So, if I were to set up a 16-foot boat for trolling Lake Michigan, I would have downriggers on the back corners, divers ahead of them and then planer board rods forward. In fact, my 17-foot boat has just this, although I added triple rod holders referred to as “trees” or “rocket launchers” so that I can run six or eight planer boards with relative ease (assuming I have enough people on board).

My planer board trees are right at the backs of the two seats so that anyone on the boat can grab them without people having to vacate those seats.

Let’s say the salmon are 70-80 feet down in about 120 feet of water and it’s a flat day. How do I set my spread?

First, I want my downriggers fishing. Downriggers are the fastest to set, so get them out there. I would run one down to 65 and one down to 75. That gives me two rods in range of the fish. I want to target that 70-foot range, so I’ll also run two Dipsey Divers out long distances to get them in front of fish. The charts are written for 20-pound monofilament, but you’ll have much more success with superline. I figure with 50-pound superline, I can easily reach 70 feet with 180 feet of line out. So I’ll put one diver (setting of “1”) at 180 out and one at 165 out.

Now we’ve got four lines out and if no fish have hit yet, we’re looking good. Now if it’s just two of us, we don’t have to run planer boards. We could just put some divers out set on “3” and cover some more water, higher in the column but farther horizontally from the boat. I’ve done that, and I have to say in a small boat I prefer planer boards. I’d much rather deal with a planer board tangle than a diver tangle.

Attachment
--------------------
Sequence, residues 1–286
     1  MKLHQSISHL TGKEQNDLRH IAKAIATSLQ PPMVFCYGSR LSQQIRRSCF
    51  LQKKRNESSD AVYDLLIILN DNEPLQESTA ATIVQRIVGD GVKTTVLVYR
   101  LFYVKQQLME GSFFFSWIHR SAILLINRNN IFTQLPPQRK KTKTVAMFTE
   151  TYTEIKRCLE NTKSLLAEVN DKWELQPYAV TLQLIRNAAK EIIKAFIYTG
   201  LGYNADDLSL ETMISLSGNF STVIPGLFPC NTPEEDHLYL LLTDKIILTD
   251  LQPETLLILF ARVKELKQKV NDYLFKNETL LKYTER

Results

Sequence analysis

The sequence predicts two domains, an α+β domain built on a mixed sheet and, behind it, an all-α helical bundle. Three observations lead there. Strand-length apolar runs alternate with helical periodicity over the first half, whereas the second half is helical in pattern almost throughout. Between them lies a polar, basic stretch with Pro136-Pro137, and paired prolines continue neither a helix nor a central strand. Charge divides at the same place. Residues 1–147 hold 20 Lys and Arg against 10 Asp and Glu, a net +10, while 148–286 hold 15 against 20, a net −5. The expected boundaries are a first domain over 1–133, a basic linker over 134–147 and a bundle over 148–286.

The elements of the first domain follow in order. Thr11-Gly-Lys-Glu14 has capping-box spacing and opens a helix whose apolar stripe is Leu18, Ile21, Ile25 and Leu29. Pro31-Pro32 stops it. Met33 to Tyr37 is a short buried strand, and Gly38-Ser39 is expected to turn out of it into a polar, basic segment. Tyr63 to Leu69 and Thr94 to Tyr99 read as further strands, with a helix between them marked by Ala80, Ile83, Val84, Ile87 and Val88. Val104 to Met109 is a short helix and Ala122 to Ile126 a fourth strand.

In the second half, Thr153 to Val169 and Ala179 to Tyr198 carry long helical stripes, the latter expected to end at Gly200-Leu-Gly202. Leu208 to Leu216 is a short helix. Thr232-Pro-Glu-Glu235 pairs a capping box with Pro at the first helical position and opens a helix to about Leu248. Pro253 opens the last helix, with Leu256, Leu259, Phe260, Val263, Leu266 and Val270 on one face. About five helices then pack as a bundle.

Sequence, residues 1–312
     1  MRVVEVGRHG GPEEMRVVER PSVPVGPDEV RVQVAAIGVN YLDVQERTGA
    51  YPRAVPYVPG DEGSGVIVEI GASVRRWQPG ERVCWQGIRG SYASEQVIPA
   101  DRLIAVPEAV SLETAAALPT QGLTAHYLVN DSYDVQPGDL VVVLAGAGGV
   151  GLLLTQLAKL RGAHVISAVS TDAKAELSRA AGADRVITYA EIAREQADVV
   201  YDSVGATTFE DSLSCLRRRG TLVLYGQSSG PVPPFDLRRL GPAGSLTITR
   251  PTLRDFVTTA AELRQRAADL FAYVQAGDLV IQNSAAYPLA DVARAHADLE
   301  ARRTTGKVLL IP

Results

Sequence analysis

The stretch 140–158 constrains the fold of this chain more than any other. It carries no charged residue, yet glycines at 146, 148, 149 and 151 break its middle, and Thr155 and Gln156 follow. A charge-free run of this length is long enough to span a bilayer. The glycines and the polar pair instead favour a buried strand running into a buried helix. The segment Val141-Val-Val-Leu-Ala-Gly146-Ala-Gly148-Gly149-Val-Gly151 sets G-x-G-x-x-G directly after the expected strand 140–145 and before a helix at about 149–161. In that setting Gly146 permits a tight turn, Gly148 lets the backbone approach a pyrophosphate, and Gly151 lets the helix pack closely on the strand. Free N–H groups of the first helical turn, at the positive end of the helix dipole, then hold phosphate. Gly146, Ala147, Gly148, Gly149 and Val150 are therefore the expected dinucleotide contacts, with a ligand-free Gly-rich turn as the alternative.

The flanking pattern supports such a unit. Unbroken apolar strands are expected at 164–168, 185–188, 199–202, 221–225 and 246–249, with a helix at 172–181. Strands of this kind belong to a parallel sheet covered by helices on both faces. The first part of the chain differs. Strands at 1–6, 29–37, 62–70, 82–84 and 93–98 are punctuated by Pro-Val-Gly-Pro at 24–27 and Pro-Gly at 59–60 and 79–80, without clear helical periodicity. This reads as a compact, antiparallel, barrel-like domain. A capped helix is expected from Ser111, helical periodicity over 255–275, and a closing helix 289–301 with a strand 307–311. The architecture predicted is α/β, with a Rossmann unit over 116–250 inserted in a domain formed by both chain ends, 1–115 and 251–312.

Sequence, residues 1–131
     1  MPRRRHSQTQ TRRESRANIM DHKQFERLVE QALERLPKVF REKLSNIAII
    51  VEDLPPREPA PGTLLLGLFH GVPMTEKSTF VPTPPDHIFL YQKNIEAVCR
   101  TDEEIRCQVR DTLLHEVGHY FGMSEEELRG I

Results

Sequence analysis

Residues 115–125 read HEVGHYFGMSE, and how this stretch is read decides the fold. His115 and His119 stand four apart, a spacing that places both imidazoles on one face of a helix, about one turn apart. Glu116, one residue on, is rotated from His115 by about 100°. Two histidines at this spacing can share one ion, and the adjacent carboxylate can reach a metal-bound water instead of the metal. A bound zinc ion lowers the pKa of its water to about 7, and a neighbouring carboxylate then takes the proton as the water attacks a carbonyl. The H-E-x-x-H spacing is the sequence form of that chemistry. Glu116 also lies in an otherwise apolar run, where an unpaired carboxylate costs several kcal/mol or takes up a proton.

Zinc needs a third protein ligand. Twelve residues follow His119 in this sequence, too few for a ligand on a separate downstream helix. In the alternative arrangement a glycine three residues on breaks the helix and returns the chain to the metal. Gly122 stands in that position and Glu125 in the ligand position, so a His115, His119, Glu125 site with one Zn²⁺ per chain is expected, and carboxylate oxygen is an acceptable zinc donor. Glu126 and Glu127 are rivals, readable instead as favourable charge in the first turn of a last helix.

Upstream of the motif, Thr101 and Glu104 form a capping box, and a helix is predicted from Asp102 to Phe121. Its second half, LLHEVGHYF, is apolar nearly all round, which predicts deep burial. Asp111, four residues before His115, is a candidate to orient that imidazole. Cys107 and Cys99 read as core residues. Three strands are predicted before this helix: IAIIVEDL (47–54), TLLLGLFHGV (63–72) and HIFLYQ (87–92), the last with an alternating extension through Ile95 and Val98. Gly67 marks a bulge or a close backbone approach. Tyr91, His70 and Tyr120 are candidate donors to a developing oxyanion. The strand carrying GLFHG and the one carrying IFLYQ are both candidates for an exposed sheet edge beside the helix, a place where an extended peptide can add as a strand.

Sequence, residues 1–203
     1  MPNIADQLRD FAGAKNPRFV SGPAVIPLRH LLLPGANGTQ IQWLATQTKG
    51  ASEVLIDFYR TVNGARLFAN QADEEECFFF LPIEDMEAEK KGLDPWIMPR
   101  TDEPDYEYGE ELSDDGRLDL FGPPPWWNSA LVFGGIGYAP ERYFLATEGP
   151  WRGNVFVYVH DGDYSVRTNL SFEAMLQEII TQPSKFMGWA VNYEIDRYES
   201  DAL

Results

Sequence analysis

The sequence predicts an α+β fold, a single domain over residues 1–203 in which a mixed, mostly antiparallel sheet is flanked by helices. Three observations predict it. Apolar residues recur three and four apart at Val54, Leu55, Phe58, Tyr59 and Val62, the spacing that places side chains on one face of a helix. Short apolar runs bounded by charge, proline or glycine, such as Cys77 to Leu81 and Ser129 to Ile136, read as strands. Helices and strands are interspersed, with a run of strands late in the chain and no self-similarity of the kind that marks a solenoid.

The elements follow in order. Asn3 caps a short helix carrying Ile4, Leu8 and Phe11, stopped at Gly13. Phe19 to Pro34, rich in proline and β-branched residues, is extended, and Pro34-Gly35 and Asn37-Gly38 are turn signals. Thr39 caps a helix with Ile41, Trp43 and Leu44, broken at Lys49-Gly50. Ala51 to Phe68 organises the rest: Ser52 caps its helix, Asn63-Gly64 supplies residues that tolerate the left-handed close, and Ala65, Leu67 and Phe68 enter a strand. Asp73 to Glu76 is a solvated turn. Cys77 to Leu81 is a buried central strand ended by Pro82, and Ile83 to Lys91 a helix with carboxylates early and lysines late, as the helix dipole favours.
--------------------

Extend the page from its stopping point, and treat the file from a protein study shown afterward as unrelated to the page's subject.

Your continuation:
If there are only two of us, we can put one planer board out on each side. You may want to start with leadcore because it’s cheaper and easier to learn. You can put a full core out to each side, or, if you have more money, you can put a copper line out on each side. Copper runs deeper for its length, but it kinks and takes more time and care to run out behind the boat. However, it’s a shorter length to reel in when you’re fighting a fish. Figure a full spool of leadcore runs around 50-60 feet deep at 2.5 mph, while a 200 copper will do about the same. To me, this is a reasonable “keep them honest” depth to run above all your other lines. Research has shown that salmon will move up and down the water column drastically throughout the day. So having lines set between 55 down and 75 down really gives us a nice deep area of coverage and with our boards, it’s nice and wide, too.

Now, what if it’s three people in the boat instead of two? Well, then you’re going to add more boards and higher lines. High lines will surprise you sometimes. You’ll hear the fish are all 80 down and then you’ll catch them on a three-color leadcore. Makes no sense but it works, right?

Lures

Lure selection is a whole different ballgame. I tend to run larger baits deeper, so my rotators and flies and meat rigs will be on one of my downriggers, one of my divers and one of my full cores. I like to run spoons (consider mags this year) more than many anglers. They still work, still fool the fish. If you’re just starting out, I would say to start with just one rotator/fly rig and add more and some meat rigs as you get accustomed to setting lines. The more stuff you have in the water, the more stuff you have to tangle. As for colors, stick with blues and greens for your deeper lines and go with the mixed vegetables, chartreuses and neons for your higher lines. And remember to use glow lures early and late.